The Legacy of an Old Bug

Internally, MSMQ uses the Windows-provided CryptoAPI to do all of its encryption and hashing. Starting with Windows NT 4.0 Service Pack 2, CryptoAPI had a bug in its implementation of RC2 encryption in the enhanced (128-bit) provider: the keys were generated with an effective length of only 40 bits, not 128. This directly affected the ENHANCED privacy level of MSMQ's encryption feature, especially since those versions of MSMQ used RC2 by default, so most customers were probably using that rather than the unaffected RC4.

This CryptoAPI bug was fixed in Windows 2000 Service Pack 4, Windows XP Service Pack 1, and Windows Server 2003. At the time the fix came out, many MSMQ clients and servers were still running on unfixed version of Windows, presenting a compatibility problem: without some kind of special measures, fixed and unfixed versions of MSMQ would be unable to exchange messages using enhanced RC2 encryption because each side would see the key length generated by the other as incorrect and the decryption would fail.

For MSMQ on Windows 2000 SP4, a pair of registry values were added. One value controlled the effective length of keys used when encrypting messages with enhanced RC2, and the other value controlled whether to accept incoming messages encrypted with enhanced RC2 but having "short" (40-bit) keys. The defaults were to continue using 40-bit keys when encrypting and to accept them on incoming messages, thereby allowing transparent compatibility with MSMQ installations on unfixed machines.

For MSMQ on Windows XP SP1 and Windows Server 2003, a similar pair of registry values were added. On these operating systems, the defaults were to use 128-bit keys when encrypting but to accept 40-bit keys on incoming messages. Thus, these installations can transparently accept messages from unfixed machines but require configuration to send messages to them using enhanced RC2 encryption. These registry values and defaults are also present on Windows Vista and Windows Server 2008 but are less important, because MSMQ4 will always use RC4 when sending to earlier versions of MSMQ unless other registry values have been set to force the use of RC2.

It has been many years now since this CryptoAPI bug was fixed and hopefully all of your MSMQ installations are on fixed versions of the OS. If that's true, what can you do to ensure that MSMQ throughout your enterprise is really using 128-bit keys, thereby tightening up your security? (All of the registry values listed below are created under HKLM\SOFTWARE\Microsoft\MSMQ\Parameters\Security. The MSMQ service must be restarted for these values to take effect.)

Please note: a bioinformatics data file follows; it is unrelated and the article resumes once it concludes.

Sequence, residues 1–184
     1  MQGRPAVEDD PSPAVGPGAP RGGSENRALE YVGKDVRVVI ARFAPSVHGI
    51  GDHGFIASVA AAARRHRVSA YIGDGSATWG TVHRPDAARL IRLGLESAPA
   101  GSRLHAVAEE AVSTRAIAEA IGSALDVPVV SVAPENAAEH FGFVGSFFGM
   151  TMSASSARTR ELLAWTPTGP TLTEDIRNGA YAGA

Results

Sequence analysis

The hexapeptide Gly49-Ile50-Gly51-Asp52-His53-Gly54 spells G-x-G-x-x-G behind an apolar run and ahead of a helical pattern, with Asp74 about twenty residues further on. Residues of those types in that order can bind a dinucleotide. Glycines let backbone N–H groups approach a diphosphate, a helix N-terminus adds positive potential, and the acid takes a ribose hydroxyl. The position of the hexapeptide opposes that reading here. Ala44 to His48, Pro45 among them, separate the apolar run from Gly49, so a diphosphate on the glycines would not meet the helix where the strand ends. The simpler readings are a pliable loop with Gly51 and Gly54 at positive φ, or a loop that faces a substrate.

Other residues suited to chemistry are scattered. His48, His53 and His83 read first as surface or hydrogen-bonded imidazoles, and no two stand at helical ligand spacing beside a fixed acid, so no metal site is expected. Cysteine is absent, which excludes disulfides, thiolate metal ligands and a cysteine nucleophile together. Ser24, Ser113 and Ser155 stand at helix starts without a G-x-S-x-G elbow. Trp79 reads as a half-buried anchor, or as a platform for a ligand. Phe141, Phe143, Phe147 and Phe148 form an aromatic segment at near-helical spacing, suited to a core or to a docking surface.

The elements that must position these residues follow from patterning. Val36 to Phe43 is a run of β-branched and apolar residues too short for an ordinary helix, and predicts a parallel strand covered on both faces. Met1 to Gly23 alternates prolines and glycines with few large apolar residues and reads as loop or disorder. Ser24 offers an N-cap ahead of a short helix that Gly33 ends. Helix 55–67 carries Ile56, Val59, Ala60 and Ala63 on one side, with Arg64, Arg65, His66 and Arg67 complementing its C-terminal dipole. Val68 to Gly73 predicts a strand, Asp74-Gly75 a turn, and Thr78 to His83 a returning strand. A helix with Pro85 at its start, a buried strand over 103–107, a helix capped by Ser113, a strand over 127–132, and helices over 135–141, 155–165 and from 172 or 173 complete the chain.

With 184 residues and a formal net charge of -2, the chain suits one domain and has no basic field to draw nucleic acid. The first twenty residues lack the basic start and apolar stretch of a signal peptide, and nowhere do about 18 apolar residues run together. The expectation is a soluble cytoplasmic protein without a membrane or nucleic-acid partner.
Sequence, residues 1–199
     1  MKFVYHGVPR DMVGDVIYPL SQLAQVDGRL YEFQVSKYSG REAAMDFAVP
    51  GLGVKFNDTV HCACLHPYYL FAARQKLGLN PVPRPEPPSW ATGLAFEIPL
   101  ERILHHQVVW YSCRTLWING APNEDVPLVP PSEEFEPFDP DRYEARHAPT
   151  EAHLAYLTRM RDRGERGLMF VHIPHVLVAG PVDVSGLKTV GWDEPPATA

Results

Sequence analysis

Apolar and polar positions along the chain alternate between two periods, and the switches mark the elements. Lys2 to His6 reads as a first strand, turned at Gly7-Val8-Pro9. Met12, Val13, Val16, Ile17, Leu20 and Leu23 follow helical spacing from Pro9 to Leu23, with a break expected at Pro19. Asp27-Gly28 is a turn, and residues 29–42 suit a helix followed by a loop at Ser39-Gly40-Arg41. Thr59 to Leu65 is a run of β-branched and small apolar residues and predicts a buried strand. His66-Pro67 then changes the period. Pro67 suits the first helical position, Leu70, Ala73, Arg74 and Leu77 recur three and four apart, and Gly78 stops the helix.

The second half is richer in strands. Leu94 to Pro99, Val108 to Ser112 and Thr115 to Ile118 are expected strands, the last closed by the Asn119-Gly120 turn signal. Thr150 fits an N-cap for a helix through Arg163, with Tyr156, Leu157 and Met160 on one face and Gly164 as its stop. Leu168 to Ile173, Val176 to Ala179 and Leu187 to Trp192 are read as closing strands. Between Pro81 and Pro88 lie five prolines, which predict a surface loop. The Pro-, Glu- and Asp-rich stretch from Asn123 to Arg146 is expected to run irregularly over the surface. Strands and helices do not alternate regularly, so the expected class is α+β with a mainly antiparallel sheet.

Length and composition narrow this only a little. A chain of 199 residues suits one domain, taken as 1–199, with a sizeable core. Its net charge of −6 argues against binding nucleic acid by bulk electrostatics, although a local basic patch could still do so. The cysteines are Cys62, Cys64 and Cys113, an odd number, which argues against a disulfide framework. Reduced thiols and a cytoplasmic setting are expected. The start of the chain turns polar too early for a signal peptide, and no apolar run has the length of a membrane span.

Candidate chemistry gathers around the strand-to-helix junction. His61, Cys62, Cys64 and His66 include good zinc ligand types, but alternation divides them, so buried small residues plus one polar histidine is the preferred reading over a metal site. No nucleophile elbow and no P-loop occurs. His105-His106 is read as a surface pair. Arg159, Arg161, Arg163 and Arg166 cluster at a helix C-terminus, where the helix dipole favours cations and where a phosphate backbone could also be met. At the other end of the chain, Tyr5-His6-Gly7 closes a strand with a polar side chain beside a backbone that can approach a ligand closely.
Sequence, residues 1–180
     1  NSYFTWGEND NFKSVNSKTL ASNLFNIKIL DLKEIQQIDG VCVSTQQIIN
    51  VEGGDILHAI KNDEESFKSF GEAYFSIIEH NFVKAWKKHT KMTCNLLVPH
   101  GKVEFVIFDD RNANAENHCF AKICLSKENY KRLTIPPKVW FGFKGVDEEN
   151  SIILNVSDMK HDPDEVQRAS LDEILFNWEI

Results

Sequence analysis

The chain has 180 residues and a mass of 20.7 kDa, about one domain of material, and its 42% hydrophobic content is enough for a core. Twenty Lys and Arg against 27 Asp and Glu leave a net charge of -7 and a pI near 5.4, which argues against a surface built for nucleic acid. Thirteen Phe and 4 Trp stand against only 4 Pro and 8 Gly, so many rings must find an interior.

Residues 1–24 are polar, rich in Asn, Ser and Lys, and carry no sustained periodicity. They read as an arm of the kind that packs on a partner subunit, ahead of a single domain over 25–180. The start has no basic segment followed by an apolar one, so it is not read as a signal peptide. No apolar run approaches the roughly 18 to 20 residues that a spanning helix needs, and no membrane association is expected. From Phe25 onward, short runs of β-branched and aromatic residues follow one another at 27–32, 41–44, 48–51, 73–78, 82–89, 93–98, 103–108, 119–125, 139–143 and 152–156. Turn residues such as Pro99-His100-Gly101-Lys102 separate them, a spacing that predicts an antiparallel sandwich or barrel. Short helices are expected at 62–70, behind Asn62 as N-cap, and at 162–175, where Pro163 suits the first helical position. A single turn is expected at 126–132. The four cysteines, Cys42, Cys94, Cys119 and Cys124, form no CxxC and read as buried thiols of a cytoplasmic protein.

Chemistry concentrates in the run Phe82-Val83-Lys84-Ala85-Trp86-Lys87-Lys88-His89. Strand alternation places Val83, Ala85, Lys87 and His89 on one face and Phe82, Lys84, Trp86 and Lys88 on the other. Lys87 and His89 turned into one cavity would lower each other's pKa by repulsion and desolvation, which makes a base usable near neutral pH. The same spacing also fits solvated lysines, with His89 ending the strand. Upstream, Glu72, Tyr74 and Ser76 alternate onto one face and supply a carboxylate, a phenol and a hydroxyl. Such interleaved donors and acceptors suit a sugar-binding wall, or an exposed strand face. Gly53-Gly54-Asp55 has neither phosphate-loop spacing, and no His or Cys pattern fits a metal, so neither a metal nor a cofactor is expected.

• On Windows 2000 SP4 machines, create the registry value SendEnhRC2With128 and set it to 1. This will cause outgoing messages encrypted with enhanced RC2 to actually use 128-bit keys.
  • On Windows XP SP1, Server 2003, Vista, or Server 2008 machines, look for the registry value SendEnhRC2With40 and remove it if present. If it is present and nonzero, it causes outgoing messages encrypted with enhanced RC2 to use 40-bit keys instead of 128.
  • On all fixed machines, create the registry value RejectEnhRC2IfLen40 and set it to 1. This causes incoming messages encrypted with enhanced RC2 to be rejected if they have 40-bit keys.

One additional thought: before touching anything, search for the SendEnhRC2With40 registry value on Windows XP and above. If it is present with a nonzero value, that means that at one time that machine needed to send messages encrypted with enhanced RC2 to an unfixed machine. Thus, any machines which that one communicates with have an increased chance of still being unfixed and candidates for double-checking.

The original documentation of this issue can be found in item 4.20 of the MSMQ FAQ.

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